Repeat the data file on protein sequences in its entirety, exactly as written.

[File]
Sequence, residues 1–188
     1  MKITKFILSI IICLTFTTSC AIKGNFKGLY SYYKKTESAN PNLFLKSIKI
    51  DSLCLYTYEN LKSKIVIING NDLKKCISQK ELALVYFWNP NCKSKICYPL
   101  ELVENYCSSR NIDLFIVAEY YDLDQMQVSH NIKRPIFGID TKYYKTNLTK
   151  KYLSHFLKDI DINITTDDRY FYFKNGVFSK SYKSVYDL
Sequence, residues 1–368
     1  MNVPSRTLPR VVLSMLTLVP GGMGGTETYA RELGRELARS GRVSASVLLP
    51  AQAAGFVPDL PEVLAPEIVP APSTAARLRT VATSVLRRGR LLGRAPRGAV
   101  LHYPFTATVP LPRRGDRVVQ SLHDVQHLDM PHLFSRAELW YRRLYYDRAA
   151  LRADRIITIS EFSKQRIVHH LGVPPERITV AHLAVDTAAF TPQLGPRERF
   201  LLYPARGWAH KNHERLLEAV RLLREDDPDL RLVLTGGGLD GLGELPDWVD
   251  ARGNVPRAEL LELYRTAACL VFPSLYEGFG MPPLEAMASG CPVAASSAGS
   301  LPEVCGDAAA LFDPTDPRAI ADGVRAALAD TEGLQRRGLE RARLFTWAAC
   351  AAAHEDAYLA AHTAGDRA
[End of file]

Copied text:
Sequence, residues 1–188
     1  MKITKFILSI IICLTFTTSC AIKGNFKGLY SYYKKTESAN PNLFLKSIKI
    51  DSLCLYTYEN LKSKIVIING NDLKKCISQK ELALVYFWNP NCKSKICYPL
   101  ELVENYCSSR NIDLFIVAEY YDLDQMQVSH NIKRPIFGID TKYYKTNLTK
   151  KYLSHFLKDI DINITTDDRY FYFKNGVFSK SYKSVYDL
Sequence, residues 1–368
     1  MNVPSRTLPR VVLSMLTLVP GGMGGTETYA RELGRELARS GRVSASVLLP
    51  AQAAGFVPDL PEVLAPEIVP APSTAARLRT VATSVLRRGR LLGRAPRGAV
   101  LHYPFTATVP LPRRGDRVVQ SLHDVQHLDM PHLFSRAELW YRRLYYDRAA
   151  LRADRIITIS EFSKQRIVHH LGVPPERITV AHLAVDTAAF TPQLGPRERF
   201  LLYPARGWAH KNHERLLEAV RLLREDDPDL RLVLTGGGLD GLGELPDWVD
   251  ARGNVPRAEL LELYRTAACL VFPSLYEGFG MPPLEAMASG CPVAASSAGS
   301  LPEVCGDAAA LFDPTDPRAI ADGVRAALAD TEGLQRRGLE RARLFTWAAC
   351  AAAHEDAYLA AHTAGDRA